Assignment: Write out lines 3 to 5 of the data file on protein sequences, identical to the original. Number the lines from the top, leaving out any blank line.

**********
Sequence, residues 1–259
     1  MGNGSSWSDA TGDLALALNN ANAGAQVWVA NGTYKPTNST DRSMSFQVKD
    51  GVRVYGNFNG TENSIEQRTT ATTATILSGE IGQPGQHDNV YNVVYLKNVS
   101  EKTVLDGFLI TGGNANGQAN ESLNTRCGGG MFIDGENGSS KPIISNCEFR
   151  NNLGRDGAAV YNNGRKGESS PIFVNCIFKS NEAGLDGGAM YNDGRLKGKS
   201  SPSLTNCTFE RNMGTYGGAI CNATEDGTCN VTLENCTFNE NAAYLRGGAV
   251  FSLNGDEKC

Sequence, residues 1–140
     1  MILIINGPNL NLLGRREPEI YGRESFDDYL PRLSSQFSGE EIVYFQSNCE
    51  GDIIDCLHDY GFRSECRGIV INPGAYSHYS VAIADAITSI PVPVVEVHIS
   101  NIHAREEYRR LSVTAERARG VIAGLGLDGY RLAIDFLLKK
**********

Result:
    51  GVRVYGNFNG TENSIEQRTT ATTATILSGE IGQPGQHDNV YNVVYLKNVS
   101  EKTVLDGFLI TGGNANGQAN ESLNTRCGGG MFIDGENGSS KPIISNCEFR
   151  NNLGRDGAAV YNNGRKGESS PIFVNCIFKS NEAGLDGGAM YNDGRLKGKS